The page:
I had only just returned to the hotel when Mustafa the owner called that the dolmus was leaving and I asked him to hold it for me. It ran me out to the highway where I would catch the coach at one of its rest stop points and it was by chance perfect timing, the coach was already there and about to leave. That unfortunately meant that I still had no chance to eat however. I had to make do with more tea which the concierge strangely served straight after their stop, daft. He also put an onboard movie on called Transporter 2, some garbage about a dude going around in a shiny black Audi and getting into one fight after another. Utterly ridiculous and not a patch on Black Scorpion 3 (eh Baz?) I saw women sat in circles in the fields around large piles of beets, they chopped and sorted them whilst the men hoed the ground by hand to dislodge more. Boys collected all the cuttings which were piled high on trailers, presumably for animal feed, and other men spread seed by hand along freshly ploughed furrows. Half an hour later I saw lines of literally hundreds of large trucks loaded with sugar beet queued up outside a refining plant.
My good fortune continued that day when most unexpectedly rather than being dumped at the Otogar we were transferred onto a minibus and the kindly old boy driver after enquiry dropped me right by my proposed digs. It was actually the only budget option recommended in the guidebook which gave me reservations about going there, but a half hearted and heavily loaded search for an alternative proved fruitless. The boy on the desk quoted me the book price to which I readily agreed, only to discover en route to the room that the whole hotel was a building site. Walls had been torn down to reveal gutted rooms, materials lay around the corridoors and the carpet lay thick with dust. One of the few times I hadnt asked to see the room first and now I remembered why. On first sight it was actually the plushest room I had stayed in, apparently one of only 2 still intact, with a spotless en suite and even a TV. I was in dire need of a shave and shower and the habitually loose dangling shower head readily gushed hot water. I switched the TV on to find a Fenerbache match just starting, these were the minutae which stopped me just short of complaining, not an easy thing to do in Turkish anyhow, but they must have known they were chancing their arm and I couldnt help feeling a little ripped off. To top it all I got pestered by a mosquito that night for the first time since Cyprus.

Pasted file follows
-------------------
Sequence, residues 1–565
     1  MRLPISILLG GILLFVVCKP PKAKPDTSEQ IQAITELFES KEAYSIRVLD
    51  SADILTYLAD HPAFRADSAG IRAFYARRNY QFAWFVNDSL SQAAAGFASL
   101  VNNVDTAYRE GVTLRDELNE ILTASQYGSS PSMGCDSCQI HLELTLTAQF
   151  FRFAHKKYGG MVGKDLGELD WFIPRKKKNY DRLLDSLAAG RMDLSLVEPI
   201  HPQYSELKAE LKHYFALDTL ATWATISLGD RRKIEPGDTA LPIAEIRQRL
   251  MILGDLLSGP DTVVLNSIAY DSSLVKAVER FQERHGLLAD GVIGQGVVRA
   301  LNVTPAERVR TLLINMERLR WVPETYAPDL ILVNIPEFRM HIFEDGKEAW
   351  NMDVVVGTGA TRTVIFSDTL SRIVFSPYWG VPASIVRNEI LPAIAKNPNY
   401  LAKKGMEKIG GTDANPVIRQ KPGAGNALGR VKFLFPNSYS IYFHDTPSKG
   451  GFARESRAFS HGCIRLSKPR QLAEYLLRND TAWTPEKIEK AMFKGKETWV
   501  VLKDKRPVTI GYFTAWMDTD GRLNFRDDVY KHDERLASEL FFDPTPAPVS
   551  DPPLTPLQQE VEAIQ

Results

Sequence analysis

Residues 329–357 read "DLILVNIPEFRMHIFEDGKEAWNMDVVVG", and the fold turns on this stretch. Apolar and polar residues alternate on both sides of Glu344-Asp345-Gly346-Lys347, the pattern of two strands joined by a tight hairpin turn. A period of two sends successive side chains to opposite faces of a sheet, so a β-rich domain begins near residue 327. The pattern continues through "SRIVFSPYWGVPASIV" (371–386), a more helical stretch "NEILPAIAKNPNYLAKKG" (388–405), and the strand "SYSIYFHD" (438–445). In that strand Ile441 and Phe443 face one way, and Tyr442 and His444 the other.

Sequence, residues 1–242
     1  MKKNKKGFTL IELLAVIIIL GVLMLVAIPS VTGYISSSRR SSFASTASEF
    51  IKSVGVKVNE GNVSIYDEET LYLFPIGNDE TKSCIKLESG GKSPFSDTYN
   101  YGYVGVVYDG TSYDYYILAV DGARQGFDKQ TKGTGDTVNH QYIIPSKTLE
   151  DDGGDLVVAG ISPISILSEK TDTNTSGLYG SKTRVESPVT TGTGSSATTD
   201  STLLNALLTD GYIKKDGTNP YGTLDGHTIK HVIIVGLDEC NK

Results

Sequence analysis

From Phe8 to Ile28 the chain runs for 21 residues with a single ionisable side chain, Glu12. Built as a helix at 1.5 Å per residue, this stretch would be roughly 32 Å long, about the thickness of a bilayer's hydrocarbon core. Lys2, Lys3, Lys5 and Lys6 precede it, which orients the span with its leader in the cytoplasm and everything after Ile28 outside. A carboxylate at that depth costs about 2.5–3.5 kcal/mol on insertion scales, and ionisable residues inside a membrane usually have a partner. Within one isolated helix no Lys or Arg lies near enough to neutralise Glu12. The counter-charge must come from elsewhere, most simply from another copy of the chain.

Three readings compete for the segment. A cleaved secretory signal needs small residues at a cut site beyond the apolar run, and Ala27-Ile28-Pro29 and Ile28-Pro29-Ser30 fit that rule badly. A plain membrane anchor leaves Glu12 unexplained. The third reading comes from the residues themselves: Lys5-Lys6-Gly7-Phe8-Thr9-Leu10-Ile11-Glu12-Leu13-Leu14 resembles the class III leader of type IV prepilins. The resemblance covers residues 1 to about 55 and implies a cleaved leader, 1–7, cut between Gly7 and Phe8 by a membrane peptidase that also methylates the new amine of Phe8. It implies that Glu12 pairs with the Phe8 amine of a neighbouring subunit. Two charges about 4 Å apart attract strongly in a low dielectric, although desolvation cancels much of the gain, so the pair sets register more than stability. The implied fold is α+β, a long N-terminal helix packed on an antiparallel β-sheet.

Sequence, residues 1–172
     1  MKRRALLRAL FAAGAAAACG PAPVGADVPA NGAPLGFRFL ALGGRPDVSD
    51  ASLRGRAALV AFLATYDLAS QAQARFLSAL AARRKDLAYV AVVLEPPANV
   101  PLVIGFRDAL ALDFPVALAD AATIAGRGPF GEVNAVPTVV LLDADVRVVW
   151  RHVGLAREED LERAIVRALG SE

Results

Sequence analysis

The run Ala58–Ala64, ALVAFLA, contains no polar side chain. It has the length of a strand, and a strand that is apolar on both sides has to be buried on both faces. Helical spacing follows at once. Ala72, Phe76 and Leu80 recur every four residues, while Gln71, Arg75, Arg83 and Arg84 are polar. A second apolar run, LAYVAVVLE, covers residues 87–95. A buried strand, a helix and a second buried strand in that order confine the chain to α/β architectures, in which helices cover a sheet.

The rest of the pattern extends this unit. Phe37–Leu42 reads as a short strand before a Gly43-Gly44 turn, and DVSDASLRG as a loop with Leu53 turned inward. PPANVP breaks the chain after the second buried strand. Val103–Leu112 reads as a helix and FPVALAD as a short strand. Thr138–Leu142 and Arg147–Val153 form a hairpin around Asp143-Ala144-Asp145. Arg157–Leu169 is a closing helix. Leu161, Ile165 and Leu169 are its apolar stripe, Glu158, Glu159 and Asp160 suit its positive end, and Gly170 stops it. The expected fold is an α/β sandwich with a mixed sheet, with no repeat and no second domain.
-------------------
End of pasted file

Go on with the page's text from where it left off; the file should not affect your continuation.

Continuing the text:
After my first real food in 36 hours I headed off for the nearby Pontic Tombs, last resting places of the kings of the local Pontic Empire, staring out over the whole town from the mountainside just the other side of the river. It was quite a clamber in parts and though devoid of any inscription or embellishment the tombs were impressive for their dramatically perched location which afforded great views of the whole town and along the valley. They had actually been excavated around all sides and though hewn from the solid rock stood distinct like houses within enveloping caves. It was too late by this time to hoof the 3Ks up to the even higher castle but the views from the tombs had been good enough. A walk along the riverfront and back along the main drag revealed some fine buildings including an especially aesthetic Hamam (bathhouse) and I popped inside a nice mosque too. It was the traditional Ottoman style houses along the river for which the town was known however, together with the hemmed in location they made it just about the prettiest town in Turkey.